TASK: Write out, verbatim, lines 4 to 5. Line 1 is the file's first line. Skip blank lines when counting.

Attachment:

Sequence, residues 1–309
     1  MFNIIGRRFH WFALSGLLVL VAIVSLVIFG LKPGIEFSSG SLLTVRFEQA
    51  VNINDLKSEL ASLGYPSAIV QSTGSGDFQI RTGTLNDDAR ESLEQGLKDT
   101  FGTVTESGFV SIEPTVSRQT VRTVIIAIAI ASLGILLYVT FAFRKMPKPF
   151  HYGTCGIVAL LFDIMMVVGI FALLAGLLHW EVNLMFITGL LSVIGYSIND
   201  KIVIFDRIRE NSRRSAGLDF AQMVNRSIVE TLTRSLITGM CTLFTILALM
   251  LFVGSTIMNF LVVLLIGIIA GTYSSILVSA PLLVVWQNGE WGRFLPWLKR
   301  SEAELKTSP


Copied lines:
   101  FGTVTESGFV SIEPTVSRQT VRTVIIAIAI ASLGILLYVT FAFRKMPKPF
   151  HYGTCGIVAL LFDIMMVVGI FALLAGLLHW EVNLMFITGL LSVIGYSIND